Natural resources provide a valuable source of income for many countries. Dr Alberto Asquer examines the facts and the challenges faced.
Natural resources provide a valuable source of income for many countries, but their exploitation comes at a high price.
The exploitation of oil, gas, coal, minerals and forests account for a relatively large share of GDP in the Democratic Republic of Congo (59.8%), Kuwait (59.1%), Equatorial Guinea (53.9%), Libya (47%) and Saudi Arabia (46%) (Source: The World Bank
). In recent decades, an increasing number of discoveries – often assisted by advances in technology such as the ‘fracking’ of shale oil and gas – have given many governments the chance to access an even larger resource pool than in the past.
How do governments generate revenue from exploiting natural resources in their territories? For many governments, it begins with auctioning exploration and exploitation rights, earning revenue from companies willing to pay to access prospective or tested resource fields. Governments can also earn from charging concession fees to companies when a resource field has been already appraised. An additional route is for the government to participate – as shareholders – in the very business venture that aims to exploit the natural resource, sometimes even claiming a share of the production extracted from the resource field. Finally, the government may levy taxes on the exploitation of the natural resources.
These taxes have different forms. One option is to charge companies a fixed fee to extract natural resources. While companies may earn a lot from relatively large and profitable resource fields, governments will also receive a steady stream of income. An alternative is to charge the companies royalties per unit of production, which requires setting up administrative and technical systems for measuring extractions in a reliable way. Further alternatives include levying taxes on corporate profits or on corporate cash flows.
But there are of course challenges in all of this for the resource-rich country. First, the country needs to set up a competent and efficient tax administration – which some developing countries may struggle to establish. They need to define whether the resource-producing region deserves a share of the revenues from its output (which local residents may claim, especially if they are to face negative effects such as environmental pollution). They also need to decide whether some of the financial benefits from the natural resources should be passed to citizens and residents (for example, in the form of subsidies for energy and fuel prices) and possibly to future generations (for example, pension or social funds that invest part of the revenues from natural resources).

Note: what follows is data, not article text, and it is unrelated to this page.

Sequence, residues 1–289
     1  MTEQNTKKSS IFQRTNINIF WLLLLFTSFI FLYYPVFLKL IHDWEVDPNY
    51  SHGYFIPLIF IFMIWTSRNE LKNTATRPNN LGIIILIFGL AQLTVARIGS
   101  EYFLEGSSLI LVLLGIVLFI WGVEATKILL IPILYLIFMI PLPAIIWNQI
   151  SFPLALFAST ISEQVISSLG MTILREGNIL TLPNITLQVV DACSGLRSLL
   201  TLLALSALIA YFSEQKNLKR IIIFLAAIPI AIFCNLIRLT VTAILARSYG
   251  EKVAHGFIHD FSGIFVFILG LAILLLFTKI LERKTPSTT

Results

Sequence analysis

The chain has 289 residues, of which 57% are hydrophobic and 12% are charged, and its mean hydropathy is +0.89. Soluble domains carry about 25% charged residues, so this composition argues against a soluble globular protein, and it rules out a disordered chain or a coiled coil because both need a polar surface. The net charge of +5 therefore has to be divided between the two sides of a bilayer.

The paradox of plenty
In theory, natural resources should be a ‘blessing’ for the country where they are located: the very existence and access to oil, gas, coal and minerals should be a bounty for the government and boost the economy. The reality is often quite different, and many resource-rich countries fare far worse in terms of public finances and economic development than many other, resource-poor countries. It’s a scenario commonly known as the ‘resource curse’ or the ‘paradox of the plenty’, but what are its causes?
Firstly, over-reliance on revenues from natural resources may lead to neglecting investments in other, more technologically advanced sectors. Revenues from natural resources may be misappropriated by corrupt political elites and bureaucracies. And finally, exports of natural resources lead to an inflow of foreign currency. This in turn leads to an appreciation of the country’s own currency, making the export of other products less competitive in the international marketplace. This effect is known as the ‘Dutch disease’, which takes its name from the recession that hit the Netherlands after the beginning of the exploitation of the Groningen natural gas field in 1959.
While some resource-rich countries, such as Venezuela, Angola and the Democratic Republic of Congo, experience the ‘resource curse’, others with relatively few natural resources have managed to embark on a successful trajectory of economic development. South Korea, Taiwan and Singapore, for example, have directed their efforts towards education, research and the development of institutions that supported growth despite the scarcity of local natural resources. Pursuing public policies that make national economies flourish rather than relying on the endowment of natural resources: perhaps this is the approach many governments should aspire to.